“As I sat intently watching the people of our camp, my slave came to me and said, ‘Some of our people have caught a man, and are preparing him for the oven.’ I ran off to see who it was, and to find out what the Waikato men were like. On the way I was speaking to a redhaired girl, who had just been caught out in the page 102 open. We were then just at the eastern side of Maunga-whau (Mount Eden). This girl had been caught at the stream called Te Ruareoreo. My companions remained with the girl, whilst I went on to see the man of Waikato who had been killed. When I arrived they were preparing the flesh; the bones were to be put to other purposes. One of the men engaged on the bones was working at the knee-cap. I asked, ‘What is he doing?’ I was told, ‘The knee-cap is for a pipe. This man was killed in revenge; hence his bones are used for purposes of revenge (utu), and his leg bones will be made into flutes.’
“As we came back, I saw the head of the redhaired girl lying in the fern by the side of the track, and, further on, we overtook one of the Waihou, Hokianga, men carrying a back-load of her flesh, which he was taking to our camp to cook for food; the arms of the girl were around his neck, whilst the body was on his back. Tahua, the son of Muriwai (of Utakura, Hokianga), was out collecting food, and as he returned from Onehunga towards our camp at Mata-harehare (St. George’s Bay) by the eastern side of Maungakiekie (One-Tree Hill) he saw in the Waikato cultivations some of the Nga-Puhi women collecting food. He called out, thinking they were Waikato women, at which they fled in fear.
“One of the reasons why we went on this expedition was because some Nga-Puhi people had been killed at Motu-tapu by Waikato. page 103 When Hongi Hika heard of this he was very angry, and started down the east coast to obtain revenge, whilst our party came down the west coast from Hokianga. (The writer then goes on to describe an expedition of Hongi’s into Waikato, which does not belong to this epoch at all, but occurred in 1825.) In one of the houses we saw the hands of some of the Nga-Puhi, who had been killed by Waikato at Motu-tapu; they were fastened to the walls of the house, with the wrists upwards, and the fingers turned up as hooks on which to hang food baskets. The hands had been roasted in the fire till the outer skin came off. The palms were quite white inside.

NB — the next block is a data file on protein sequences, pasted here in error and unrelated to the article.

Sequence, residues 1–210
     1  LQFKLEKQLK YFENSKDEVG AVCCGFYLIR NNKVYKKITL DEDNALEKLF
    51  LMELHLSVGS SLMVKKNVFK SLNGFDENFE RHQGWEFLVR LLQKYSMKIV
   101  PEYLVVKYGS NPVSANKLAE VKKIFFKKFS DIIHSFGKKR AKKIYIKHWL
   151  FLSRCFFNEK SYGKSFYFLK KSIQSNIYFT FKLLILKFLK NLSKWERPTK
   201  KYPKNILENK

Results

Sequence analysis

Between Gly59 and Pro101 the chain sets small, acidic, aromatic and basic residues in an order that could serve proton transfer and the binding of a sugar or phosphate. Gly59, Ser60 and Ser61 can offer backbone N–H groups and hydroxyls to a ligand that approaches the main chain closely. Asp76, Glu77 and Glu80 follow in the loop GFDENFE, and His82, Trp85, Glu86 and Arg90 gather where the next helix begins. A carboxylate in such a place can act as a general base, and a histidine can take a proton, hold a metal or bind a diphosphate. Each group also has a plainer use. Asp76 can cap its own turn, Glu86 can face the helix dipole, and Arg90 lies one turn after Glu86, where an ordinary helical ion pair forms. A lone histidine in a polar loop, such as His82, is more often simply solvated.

“Now, from our camp we sent out spies to look for people of the country, and while they were absent I saw our tohunga or priest, performing the augury with the niu, and so I drew near. He was teaching the people the meaning of the signs of the niu. Then I saw the furrows in the earth made by the fern-stalks (nius), and learned their meaning and the names of the hapus that would fall in battle subsequent to the performance. At the end of this the priest spoke in a frenzied (kehua) manner, and explained to the people how to conduct themselves, and told of the lands we should pass over. It was during the night, however, that the priest spoke with particular ghostly (kehua) accent, but, as his voice was incoherent. I could not quite understand it all, nor was I clear as to whether our party was to conquer page 104 or to die in the battles which were to follow after his teaching.
“Our chiefs now sent away some of our people in a canoe to Te Kawau Island to obtain other canoes from the people there, who were some of our own tribe, which were to be used in our journey up the Waikato river, but they came back without them. Hongi-Hika returned the way he came to the Bay of Islands.